Crime Stoppers programs have since inception represented to the public, as a part of its contract (which offers a reward if certain terms and conditions of the contract are performed by the person accepting the offer), that the person communicating information to Crime Stoppers will not have his or her identity disclosed.

Some representations boldly claim that Crime Stoppers "guarantees" anonymity, while others simply state that you are not required to identify yourself or that Crime Stoppers does not want to know who you are.

Crime Stoppers has done a remarkable job of keeping that promise since 1976. Yet, there are situations where the identity of the person communicating to or with Crime Stoppers does become public.

The most common example are:

When the tipster discloses his/her own identity by agreeing to appear as a witness in a criminal proceeding

When the tipster ill-advisedly tells others

When the tipster is not really considered a Crime Stoppers tipster because the person does not follow the Crime Stoppers procedures or may not have even made the communication to Crime Stoppers


There is one very rare, but very understandable , and lawful failure to keep a person’s identity a secret even though the person contacted Crime Stoppers. That is when the communicator is not really an informant or tipster, but a person whose call in and of itself is a part of a criminal act or scheme.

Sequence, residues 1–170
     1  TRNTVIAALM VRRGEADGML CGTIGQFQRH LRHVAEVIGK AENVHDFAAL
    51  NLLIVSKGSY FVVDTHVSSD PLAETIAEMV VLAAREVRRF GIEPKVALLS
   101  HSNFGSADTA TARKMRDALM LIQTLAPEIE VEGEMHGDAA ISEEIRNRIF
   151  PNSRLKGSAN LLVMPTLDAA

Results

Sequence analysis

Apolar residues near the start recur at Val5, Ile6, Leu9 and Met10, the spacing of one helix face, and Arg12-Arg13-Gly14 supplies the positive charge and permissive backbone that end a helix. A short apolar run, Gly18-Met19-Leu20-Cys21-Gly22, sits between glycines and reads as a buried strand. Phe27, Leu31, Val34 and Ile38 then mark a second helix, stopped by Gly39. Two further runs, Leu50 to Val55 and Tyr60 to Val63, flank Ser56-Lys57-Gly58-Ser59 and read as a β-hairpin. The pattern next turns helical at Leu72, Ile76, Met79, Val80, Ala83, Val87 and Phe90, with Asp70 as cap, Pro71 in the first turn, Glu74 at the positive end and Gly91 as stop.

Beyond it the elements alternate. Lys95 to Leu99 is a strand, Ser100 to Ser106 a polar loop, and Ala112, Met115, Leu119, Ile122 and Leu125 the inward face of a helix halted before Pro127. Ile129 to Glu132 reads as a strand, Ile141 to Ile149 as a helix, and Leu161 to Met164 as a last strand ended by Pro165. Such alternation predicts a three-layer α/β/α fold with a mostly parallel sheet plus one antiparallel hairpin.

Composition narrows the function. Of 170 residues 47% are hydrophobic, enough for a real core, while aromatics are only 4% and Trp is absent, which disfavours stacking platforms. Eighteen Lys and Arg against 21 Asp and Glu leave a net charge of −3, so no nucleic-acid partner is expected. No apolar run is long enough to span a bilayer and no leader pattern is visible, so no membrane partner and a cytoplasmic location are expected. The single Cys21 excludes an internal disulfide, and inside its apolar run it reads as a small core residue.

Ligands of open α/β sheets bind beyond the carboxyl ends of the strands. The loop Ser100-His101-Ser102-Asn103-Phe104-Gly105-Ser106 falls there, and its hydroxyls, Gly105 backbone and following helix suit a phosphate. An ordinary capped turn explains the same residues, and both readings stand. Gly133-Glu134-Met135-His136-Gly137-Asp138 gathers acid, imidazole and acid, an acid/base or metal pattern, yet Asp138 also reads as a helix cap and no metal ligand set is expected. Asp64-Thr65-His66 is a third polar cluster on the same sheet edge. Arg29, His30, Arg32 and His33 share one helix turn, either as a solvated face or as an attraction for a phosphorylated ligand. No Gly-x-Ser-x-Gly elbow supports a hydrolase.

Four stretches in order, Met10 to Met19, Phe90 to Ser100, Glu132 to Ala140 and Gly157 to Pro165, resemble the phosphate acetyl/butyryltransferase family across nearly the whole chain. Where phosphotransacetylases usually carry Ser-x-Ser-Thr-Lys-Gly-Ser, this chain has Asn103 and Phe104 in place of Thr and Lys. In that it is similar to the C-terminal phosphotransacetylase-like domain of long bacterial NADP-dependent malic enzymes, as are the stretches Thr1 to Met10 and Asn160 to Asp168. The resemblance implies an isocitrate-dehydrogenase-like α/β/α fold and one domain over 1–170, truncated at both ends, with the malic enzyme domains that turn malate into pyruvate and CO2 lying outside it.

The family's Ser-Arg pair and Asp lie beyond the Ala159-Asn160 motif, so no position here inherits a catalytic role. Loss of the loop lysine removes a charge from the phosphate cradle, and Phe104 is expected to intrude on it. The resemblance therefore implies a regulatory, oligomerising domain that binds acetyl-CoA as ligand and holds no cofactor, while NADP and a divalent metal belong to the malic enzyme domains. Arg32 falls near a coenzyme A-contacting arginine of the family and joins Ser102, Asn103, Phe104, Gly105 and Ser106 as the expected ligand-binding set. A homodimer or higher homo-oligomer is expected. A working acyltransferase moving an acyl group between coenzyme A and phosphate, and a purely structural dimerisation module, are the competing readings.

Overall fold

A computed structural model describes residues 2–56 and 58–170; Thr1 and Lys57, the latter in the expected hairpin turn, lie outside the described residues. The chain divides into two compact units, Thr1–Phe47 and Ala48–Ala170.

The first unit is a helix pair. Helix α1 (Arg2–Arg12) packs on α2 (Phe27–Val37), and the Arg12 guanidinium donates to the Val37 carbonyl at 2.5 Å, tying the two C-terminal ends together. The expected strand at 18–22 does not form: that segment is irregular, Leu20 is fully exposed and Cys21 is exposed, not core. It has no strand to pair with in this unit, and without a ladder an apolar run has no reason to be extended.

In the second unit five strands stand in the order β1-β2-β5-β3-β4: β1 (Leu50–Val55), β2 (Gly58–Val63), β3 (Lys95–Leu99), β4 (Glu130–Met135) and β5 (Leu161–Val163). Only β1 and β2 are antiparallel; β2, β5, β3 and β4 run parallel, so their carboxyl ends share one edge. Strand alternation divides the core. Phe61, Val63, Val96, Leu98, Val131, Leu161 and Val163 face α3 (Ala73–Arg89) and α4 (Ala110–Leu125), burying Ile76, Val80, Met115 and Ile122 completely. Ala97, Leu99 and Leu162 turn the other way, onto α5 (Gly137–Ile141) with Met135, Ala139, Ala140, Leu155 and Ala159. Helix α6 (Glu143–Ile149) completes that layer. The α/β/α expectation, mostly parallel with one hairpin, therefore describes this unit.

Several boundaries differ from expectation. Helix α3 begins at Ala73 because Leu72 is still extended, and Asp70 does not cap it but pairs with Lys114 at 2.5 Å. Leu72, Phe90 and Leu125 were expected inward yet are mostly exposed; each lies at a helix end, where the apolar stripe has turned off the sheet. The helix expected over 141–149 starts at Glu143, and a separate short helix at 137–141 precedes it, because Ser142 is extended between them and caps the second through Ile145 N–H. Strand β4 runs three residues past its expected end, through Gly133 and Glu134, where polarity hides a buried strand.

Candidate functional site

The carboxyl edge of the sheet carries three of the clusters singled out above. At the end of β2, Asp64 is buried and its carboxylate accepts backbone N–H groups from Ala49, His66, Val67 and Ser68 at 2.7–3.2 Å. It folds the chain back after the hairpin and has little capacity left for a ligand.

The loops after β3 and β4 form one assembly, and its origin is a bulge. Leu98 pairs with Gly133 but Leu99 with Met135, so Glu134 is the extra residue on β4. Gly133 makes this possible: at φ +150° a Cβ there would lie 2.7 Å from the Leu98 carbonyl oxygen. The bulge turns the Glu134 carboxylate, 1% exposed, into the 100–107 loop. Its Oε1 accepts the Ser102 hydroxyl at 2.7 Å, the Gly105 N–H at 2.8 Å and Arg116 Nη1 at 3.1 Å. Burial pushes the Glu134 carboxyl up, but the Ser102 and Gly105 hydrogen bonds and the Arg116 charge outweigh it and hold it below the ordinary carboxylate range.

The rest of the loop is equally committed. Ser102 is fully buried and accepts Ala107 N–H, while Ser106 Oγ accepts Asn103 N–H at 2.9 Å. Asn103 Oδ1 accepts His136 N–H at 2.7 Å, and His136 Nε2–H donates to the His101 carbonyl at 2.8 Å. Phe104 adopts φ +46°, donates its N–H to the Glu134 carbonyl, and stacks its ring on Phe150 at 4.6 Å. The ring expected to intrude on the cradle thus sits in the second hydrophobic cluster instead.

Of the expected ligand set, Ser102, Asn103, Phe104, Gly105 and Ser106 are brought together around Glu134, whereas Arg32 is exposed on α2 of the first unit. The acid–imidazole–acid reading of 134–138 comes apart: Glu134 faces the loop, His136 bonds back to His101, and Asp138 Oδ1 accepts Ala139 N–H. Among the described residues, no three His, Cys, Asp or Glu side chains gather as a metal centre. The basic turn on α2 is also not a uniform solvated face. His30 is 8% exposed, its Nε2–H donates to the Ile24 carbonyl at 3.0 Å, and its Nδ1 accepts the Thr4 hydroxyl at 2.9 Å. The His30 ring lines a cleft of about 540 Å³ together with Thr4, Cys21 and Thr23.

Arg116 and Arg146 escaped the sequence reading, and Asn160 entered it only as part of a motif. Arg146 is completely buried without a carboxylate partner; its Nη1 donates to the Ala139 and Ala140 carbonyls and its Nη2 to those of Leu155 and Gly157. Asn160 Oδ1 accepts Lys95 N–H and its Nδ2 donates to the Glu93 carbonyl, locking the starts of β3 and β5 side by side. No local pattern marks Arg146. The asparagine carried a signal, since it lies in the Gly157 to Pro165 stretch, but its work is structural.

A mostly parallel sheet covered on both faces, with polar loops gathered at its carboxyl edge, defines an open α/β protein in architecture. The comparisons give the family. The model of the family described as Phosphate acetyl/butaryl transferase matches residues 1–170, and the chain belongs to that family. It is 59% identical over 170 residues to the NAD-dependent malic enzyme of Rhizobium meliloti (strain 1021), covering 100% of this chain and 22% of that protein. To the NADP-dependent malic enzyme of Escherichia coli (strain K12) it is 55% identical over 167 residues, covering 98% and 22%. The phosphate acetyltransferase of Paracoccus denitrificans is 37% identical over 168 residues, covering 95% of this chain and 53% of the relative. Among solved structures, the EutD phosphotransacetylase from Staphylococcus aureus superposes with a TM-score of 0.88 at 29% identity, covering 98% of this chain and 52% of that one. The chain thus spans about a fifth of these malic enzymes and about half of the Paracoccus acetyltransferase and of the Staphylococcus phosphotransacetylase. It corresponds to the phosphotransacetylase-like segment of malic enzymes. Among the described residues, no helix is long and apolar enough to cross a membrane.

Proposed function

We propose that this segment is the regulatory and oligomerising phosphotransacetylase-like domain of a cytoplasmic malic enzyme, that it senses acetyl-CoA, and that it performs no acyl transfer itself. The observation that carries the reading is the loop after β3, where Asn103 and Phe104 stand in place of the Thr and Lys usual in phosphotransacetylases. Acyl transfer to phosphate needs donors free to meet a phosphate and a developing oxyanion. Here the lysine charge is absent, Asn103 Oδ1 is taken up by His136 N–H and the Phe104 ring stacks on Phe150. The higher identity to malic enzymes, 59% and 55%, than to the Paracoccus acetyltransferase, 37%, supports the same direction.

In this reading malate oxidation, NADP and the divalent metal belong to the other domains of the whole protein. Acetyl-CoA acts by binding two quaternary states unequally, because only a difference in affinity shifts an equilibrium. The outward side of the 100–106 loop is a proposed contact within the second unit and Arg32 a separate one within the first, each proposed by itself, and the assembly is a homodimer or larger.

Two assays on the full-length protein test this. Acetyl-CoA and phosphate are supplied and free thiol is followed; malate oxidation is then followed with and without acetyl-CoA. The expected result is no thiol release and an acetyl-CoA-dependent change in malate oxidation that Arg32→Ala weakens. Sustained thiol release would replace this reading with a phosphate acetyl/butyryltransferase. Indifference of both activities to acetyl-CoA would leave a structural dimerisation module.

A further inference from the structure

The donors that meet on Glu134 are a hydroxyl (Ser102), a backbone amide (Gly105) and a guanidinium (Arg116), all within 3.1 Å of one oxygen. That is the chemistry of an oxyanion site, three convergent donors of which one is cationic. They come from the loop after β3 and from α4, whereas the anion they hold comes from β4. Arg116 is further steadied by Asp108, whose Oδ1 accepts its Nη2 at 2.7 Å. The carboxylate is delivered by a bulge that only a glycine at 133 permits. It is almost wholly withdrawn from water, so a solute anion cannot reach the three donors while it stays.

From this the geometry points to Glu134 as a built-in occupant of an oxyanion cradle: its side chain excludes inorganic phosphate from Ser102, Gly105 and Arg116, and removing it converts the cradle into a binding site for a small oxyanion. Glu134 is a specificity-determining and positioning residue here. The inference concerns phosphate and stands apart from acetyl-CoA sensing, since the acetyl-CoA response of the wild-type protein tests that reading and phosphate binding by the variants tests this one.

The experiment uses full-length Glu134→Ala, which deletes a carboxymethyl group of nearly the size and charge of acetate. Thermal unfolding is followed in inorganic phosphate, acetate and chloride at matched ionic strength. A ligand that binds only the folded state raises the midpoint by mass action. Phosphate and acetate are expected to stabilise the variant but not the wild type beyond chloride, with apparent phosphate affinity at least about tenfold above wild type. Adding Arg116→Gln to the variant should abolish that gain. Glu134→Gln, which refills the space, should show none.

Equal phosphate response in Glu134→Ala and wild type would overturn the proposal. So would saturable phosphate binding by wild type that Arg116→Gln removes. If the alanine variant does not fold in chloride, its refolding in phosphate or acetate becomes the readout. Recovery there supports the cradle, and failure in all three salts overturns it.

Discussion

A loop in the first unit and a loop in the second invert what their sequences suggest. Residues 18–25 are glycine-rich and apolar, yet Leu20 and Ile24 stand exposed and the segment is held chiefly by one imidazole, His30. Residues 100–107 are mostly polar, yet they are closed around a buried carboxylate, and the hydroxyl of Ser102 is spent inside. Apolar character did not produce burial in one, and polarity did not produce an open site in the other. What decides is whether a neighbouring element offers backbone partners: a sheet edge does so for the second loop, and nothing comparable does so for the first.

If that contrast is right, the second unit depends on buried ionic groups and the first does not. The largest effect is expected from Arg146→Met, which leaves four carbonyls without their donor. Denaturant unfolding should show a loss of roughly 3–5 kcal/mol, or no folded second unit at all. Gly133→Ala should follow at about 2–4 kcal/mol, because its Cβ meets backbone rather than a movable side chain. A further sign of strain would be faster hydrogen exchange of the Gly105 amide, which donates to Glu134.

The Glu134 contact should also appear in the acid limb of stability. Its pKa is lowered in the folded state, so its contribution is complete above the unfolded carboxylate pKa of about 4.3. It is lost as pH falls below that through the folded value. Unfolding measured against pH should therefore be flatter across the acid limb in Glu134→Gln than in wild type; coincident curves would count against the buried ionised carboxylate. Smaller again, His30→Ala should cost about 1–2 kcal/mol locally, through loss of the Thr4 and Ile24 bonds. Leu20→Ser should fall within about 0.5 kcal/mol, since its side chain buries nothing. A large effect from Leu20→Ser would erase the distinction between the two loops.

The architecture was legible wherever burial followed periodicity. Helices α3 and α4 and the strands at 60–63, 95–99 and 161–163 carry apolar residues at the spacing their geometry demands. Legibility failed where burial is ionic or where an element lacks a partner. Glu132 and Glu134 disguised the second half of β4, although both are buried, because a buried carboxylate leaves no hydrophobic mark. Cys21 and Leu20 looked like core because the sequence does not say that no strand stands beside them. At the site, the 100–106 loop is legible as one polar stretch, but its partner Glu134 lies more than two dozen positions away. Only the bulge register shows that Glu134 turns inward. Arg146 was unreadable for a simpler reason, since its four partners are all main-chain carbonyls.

For example, a person called Crime Stoppers to inform Crime Stoppers that the person was going to blown up a public school with hidden explosives. The purpose of the call was to terrorize others with the bomb threat. The intent was to have Crime Stoppers forward the threat to law enforcement officials who would respond to the school, etc. This type of call is commonly referred to as a "Terroristic Threat".

It is perfectly legal and proper, whether under civil contract law or criminal law, for Crime Stoppers to cooperate with law enforcement officials to identify and apprehend such a person. Because:

Crime Stoppers maintains tip communications lines (telephone, web, text, etc) to solve crimes.

A person who communicates a threat to Crime Stoppers is not responding to a reward offer and does not intend to claim a Crime Stoppers reward for making a threat through Crime Stoppers.

The contractual term which promises "anonymity" is inapplicable to persons who are not legitimate tipsters but are merely using Crime Stoppers to mask their identity as they commit a crime.

Crime Stoppers has never promised "anonymity", "amnesty", or "immunity" to persons who communicate their threats through Crime Stoppers.


It is suggested that a Crime Stoppers program may want to make it clear to the public that criminals cannot use the Crime Stoppers communications system and expect to be untouchable.

One method of addressing this is to have a "TERMS OF USE" Agreement that is posted on the Crime Stoppers web site and other publications or broadcasts if possible, which reads:

"Crime Stoppers accepts tips and information about crimes in order to solve or prevent such crimes. Users who communicate their own criminal threats by making them through Crime Stoppers are not considered to be Crime Stoppers tipsters; are not eligible for rewards; are not immune from prosecution; and are excepted from the promise of anonymity